Similarly, the Queen seems more bored than actually evil. Sure, she does bad things, but there is the real sense that she feels some of the same pressure most everyone else in a capitalist society does. She feels more poor than she would like, so she works to change that . . . just through corrupt means. That change is not nearly as annoying as the dwarves. The collection of allies for Snow White is annoying. They provide the comic relief in an already silly movie and they fall down at that. They are more ridiculous than interesting and watching them becomes tiresome, despite how well actors like Danny Woodburn commit to their roles. When added to a movie that includes a dance number that instantly reminded me of Ella Enchanted (reviewed here!), Mirror Mirror seems hardly original or even enjoyable.

The comparison to Ella Enchanted is not a bad one. Mirror Mirror is like Ella Enchanted without the charm or sense of originality.

As for the performances, I was not impressed. Nathan Lane and Julia Roberts each bring a confidence and professional bearing to their roles of Brighton and the Queen, respectively, that they overshadow the rest of the cast. While Roberts and Lane seem to be performing well within their established range – nothing either of them did in Mirror Mirror made me say or think “Wow, I’ve never seen them do that before!” – they fill their niches well and are perfectly plausible in their roles.

By comparison, Lily Collins is surprisingly listless. Frequently stiff and not emoting what her lines dictate, Collins plays the empowered young woman without any zest or passion. She never bursts off the screen in a way that makes the viewer care what happens to her. In fact, at one point, I just shrugged and said, “Oh wow, a good looking young woman encounters a minor obstacle.” Collins might be playing the impassioned young woman on a rebellious mission to take back what is hers, but she fails to emote the unquenchable longing for what is hers by right. As a result, Snow White never becomes sympathetic, much less a character we empathize with.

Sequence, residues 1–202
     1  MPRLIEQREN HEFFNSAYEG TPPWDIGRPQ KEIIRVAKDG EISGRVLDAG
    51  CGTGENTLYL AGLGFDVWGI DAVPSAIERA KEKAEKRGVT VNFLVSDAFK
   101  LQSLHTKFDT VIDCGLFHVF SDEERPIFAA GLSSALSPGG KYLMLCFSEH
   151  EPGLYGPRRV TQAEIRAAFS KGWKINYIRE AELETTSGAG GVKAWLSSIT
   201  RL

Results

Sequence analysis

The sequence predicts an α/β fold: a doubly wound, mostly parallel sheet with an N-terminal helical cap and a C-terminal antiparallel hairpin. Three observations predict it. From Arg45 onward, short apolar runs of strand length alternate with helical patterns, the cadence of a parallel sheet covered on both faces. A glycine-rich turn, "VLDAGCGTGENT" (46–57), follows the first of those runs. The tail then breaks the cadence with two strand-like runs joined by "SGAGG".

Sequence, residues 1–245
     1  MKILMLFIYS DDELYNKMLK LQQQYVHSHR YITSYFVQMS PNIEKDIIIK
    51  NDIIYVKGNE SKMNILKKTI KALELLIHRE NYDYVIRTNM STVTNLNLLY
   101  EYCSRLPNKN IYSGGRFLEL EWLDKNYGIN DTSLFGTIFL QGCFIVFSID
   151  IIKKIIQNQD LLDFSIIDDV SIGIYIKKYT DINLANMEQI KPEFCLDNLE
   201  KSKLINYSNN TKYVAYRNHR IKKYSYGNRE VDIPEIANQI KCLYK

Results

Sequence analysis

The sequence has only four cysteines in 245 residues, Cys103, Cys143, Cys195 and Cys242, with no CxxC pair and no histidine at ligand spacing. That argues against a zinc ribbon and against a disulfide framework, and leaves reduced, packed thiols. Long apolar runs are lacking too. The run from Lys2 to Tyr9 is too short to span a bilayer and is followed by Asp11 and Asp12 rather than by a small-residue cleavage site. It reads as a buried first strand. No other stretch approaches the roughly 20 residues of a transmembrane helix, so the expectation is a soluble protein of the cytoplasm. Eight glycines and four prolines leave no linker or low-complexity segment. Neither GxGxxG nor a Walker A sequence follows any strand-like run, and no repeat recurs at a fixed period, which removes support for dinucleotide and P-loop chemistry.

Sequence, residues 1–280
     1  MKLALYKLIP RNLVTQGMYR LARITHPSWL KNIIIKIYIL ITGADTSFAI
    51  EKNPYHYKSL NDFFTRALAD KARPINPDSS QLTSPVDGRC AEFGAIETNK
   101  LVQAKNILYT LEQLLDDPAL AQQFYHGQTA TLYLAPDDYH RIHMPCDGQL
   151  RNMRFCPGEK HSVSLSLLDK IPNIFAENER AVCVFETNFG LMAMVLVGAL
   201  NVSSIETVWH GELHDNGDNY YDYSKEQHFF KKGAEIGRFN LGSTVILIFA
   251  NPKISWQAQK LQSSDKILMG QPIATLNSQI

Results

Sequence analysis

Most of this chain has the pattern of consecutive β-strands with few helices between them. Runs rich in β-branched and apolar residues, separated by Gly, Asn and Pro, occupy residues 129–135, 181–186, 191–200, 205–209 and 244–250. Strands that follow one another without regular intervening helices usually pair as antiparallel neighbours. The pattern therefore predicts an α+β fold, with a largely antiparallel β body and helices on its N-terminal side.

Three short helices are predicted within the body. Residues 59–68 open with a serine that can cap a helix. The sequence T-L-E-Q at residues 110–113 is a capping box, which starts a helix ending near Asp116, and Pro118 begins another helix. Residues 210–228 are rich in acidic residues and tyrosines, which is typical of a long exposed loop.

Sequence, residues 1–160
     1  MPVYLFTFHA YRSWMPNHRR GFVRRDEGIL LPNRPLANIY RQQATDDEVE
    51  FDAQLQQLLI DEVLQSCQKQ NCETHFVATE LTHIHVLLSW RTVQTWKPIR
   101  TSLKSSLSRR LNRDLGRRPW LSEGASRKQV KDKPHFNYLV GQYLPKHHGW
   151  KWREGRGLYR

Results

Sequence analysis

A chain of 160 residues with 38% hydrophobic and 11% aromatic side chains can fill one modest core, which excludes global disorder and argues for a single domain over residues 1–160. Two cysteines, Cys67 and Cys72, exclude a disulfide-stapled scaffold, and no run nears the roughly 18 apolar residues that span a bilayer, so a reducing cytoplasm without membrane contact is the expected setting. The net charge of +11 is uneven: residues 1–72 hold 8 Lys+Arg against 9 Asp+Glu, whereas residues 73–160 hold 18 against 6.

Ultimately, director Tarsem Singh created a movie that looks good with Mirror Mirror, but does little else. It is refreshing to see a film that is visually engaging without being horrific – like Singh’s blockbuster The Cell - but while Singh creates a fantasy realm, it is not on par with other cinematic settings of late. This is not Middle Earth, nor Narnia, nor even the fantasy kingdom from Once Upon A Time. The castle is an interesting digital model, but what makes the movie more visually interesting than anything else are the costumes. Snow White and the Queen’s costumes are lavish and beautiful; the garb on the dwarves is appropriately worn and dirty. Mirror Mirror is, at its best, easy to watch.

That leaves the viewer with little go get excited about. The slapstick humor is ridiculous, the story is familiar and all the rest never rises above being mediocre. That makes it easy to pass on Mirror Mirror.

For other fantasy films, please check out my reviews of:
Red Riding Hood
The Lord Of The Rings
Prince Of Persia: The Sands Of Time


For other movie reviews, be sure to check out my Movie Review Index Page for an organized listing of all the reviews I have written!

© 2012 W.L. Swarts. May not be reprinted without permission.